Since reaching the debt ceiling in January, U.S. lawmakers have made little progress toward a solution—and House Speaker Kevin McCarthy (R-CA) demands that change.
- This week McCarthy sent a letter to President Joe Biden, requesting that the White House and House Republicans begin negotiating a solution to the U.S. debt limit.
- McCarthy’s letter suggested spending cuts and regulatory changes to start negotiations.
- President Biden and McCarthy have not met to discuss the debt ceiling since February 1, Bloomberg reports.
- “With each passing day, I am incredibly concerned that you are putting an already fragile economy in jeopardy by insisting upon your extreme position of refusing to negotiate any meaningful changes to out-of-control spending alongside an increase of the debt limit,” McCarthy says in the letter.
- The White House quickly responded to McCarthy’s letter, saying that the House Republicans must raise the debt ceiling without imposing any conditions. It also asked that the GOP provide a full budget proposal.
Why it’s news
After warnings from Treasury Secretary Janet Yellen that the U.S. would reach its debt limit, House Republicans refused to increase the debt ceiling without certain spending cuts. In response, the White House said it would not negotiate.
To avoid a default, Yellen implemented what the treasury calls “extraordinary measures,” accounting maneuvers to keep the government running until an agreement is reached. Though these efforts have avoided a government shutdown for now, lawmakers must reach an agreement by the summer to avoid defaulting on the nation’s debt.
The White House’s response to McCarthy’s letter indicates that negotiations are still unlikely. Following the Biden administration’s request for a total budget proposal, McCarthy told CNBC that the request did not make sense as the budget has “nothing to do” with the debt limit.
In the McCarthy letter, Republicans suggested several areas where spending could be reduced, including reducing domestic appropriations, reclaiming unused COVID-19 funds, relaxing regulations on energy projects, and including more work requirements to receive government benefits.
House Republicans had initially planned to release a 10-year budget around April, but that plan has now been delayed.
“It’s time for Republicans to stop playing games, agree to pass a clean debt ceiling bill, and quit threatening to wreak havoc on our economy. And if they want to have a conversation about our nation’s economic and fiscal future, it’s time for them to put out a budget—as the president has done with his detailed plan to grow the economy, lower costs, and reduce the deficit by nearly $3 trillion,” says White House spokesman Karine Jean-Pierre.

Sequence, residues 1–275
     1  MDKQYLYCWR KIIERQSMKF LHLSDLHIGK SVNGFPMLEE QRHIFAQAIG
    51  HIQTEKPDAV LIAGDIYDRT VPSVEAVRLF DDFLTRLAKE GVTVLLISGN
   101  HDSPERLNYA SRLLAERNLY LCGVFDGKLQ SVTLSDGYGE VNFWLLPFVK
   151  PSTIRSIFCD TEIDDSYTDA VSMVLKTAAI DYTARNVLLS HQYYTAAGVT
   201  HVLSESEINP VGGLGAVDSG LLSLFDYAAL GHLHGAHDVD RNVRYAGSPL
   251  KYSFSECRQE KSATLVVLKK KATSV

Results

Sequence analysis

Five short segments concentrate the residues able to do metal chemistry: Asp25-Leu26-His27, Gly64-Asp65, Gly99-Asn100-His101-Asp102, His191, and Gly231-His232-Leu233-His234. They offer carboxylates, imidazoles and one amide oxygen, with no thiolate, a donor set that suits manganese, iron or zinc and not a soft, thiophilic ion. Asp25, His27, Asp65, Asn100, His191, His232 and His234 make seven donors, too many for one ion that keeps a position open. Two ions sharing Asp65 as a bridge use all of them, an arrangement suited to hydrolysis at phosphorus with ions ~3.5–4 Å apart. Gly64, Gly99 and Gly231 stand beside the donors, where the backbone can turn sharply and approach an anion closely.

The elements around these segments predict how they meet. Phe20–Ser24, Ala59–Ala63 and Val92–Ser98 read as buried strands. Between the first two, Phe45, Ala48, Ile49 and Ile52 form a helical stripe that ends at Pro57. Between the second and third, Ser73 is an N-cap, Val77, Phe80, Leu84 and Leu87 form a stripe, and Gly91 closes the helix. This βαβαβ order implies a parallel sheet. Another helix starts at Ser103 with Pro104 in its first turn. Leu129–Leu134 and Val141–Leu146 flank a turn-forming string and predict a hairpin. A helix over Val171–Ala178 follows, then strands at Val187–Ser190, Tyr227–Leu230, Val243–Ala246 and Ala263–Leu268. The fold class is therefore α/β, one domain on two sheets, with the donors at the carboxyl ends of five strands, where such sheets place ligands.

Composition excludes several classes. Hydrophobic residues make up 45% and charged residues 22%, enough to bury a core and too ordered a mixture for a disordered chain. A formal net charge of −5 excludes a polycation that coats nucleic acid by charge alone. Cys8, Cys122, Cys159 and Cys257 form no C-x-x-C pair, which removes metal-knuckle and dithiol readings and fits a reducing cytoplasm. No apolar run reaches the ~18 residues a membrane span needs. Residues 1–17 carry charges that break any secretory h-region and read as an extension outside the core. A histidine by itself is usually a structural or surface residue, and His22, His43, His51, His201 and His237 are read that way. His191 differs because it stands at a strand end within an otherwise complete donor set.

Backing up a bit
The U.S. has hit its debt limit earlier than expected, and federal lawmakers are feuding about whether or not to raise the limit. U.S. Treasury Secretary Janet Yellen will invoke what the Treasury calls extraordinary measures to allow the U.S. government to continue operations.
These methods will extend the deadline to raise the ceiling until June.
Secretary Yellen’s plans are to redeem investments from various retirements—including the Civil Service Retirement and Disability Fund and the Postal Service Retiree Health Benefits Fund—and temporarily stop making new investments in these funds.
The Treasury Department will also pause investment in the Federal Employees Retirement System Thrift Savings Plan and the Government Securities Investment.
Congress must now decide whether or not to raise the debt ceiling, but the two parties are strongly divided. The debt ceiling was last raised in 2021 to around $31.4 trillion.
If no agreement is reached, it could trigger a government shutdown. The last government shutdown was in 2019. During a shutdown, non-essential government employees are furloughed while essential workers work without pay. When the shutdown is resolved, workers will receive back pay. Some government services may also be temporarily suspended during a shutdown.